Skip to main content
McMaster University Menu Search
News

Comparison of methods in the recovery of nucleic acids from archival formalin-fixed paraffin-embedded autopsy tissues

Here we report a systematic comparison of formalin-fixed paraffin-embedded tissue kits for RNA and DNA extraction. Overall, TrimGen's WaxFree and phenol-chloroform methods recovered the largest DNA yields, while Ambion's RecoverAll kit recovered the largest quantity of amplifiable RNA.

Jan 15, 2010

Authors: J. Okello, J. Zurek, A. Devault, M. Kuch, A. Okwi, N. Sewankambo, G. Bimenya, D. Poinar, H. Poinar

Analytical Biochemistry, Vol. 400, Issue 1, pp. 110-117. May 2010. DOI:10.1016/j.ab.2010.01.014

Abstract

Archival formalin-fixed paraffin-embedded (FFPE) human tissue collections are typically in poor states of storage across the developing world. With advances in biomolecular techniques, these extraordinary and virtually untapped resources have become an essential part of retrospective epidemiological studies. To successfully use such tissues in genomic studies, scientists require high nucleic acid yields and purity. In spite of the increasing number of FFPE tissue kits available, few studies have analyzed their applicability in recovering high-quality nucleic acids from archived human autopsy samples. Here we provide a study involving 10 major extraction methods used to isolate total nucleic acid from FFPE tissues ranging in age from 3 to 13 years. Although all 10 methods recovered quantifiable amounts of DNA, only 6 recovered quantifiable RNA, varying considerably and generally yielding lower DNA concentrations. Overall, we show quantitatively that TrimGen’s WaxFree method and our in-house phenol–chloroform extraction method recovered the highest yields of amplifiable DNA, with considerable polymerase chain reaction (PCR) inhibition, whereas Ambion’s RecoverAll method recovered the most amplifiable RNA.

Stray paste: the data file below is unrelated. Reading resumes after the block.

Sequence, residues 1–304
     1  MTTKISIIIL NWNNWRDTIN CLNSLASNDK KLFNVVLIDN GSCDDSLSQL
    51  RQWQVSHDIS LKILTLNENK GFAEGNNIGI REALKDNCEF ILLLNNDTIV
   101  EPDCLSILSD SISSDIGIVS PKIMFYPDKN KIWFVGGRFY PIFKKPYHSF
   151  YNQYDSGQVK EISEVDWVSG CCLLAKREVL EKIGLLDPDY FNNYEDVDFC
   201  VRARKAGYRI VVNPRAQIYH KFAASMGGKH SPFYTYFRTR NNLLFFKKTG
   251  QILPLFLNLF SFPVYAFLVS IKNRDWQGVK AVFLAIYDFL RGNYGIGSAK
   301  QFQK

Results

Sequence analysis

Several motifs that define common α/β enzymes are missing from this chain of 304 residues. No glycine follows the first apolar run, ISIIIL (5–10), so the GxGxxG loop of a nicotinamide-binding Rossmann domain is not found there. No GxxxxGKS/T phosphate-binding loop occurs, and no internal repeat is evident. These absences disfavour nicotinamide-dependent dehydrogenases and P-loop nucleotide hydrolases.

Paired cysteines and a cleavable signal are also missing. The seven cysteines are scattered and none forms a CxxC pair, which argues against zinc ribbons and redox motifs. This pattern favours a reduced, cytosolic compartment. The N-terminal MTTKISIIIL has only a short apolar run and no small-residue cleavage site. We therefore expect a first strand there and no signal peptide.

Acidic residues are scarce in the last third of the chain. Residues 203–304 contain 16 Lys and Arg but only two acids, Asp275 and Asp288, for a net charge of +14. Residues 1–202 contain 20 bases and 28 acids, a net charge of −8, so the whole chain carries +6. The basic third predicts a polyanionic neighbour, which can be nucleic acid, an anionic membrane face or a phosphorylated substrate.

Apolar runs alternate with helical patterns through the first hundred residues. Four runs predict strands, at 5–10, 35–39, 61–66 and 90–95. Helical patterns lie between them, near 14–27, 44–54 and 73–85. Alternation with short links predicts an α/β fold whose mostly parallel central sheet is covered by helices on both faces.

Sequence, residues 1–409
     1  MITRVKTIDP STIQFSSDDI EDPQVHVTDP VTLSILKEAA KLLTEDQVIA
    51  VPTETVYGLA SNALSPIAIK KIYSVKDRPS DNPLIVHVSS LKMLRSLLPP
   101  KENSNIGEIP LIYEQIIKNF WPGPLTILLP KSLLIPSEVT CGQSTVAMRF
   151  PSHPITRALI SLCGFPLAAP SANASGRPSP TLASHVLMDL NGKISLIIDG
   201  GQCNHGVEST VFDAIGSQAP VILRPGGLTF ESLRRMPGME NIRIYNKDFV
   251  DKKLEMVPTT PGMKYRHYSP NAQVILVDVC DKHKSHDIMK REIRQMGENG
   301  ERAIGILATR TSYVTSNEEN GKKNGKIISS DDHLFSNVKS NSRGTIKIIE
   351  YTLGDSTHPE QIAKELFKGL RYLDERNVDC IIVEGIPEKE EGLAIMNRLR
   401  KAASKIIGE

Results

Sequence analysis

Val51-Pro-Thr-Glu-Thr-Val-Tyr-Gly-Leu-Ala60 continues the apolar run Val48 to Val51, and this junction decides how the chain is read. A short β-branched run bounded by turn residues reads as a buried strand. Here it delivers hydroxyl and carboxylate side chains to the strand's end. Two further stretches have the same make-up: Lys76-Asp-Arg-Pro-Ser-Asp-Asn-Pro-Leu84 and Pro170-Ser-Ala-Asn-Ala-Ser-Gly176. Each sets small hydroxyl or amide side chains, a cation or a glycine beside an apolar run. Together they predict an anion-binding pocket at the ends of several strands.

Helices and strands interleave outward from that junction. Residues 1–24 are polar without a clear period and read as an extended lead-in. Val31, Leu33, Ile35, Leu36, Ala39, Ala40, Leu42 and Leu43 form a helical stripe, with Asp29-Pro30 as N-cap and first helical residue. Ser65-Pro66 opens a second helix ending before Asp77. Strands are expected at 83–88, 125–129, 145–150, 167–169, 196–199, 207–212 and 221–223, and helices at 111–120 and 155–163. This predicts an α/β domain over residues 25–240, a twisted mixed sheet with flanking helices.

Link to Article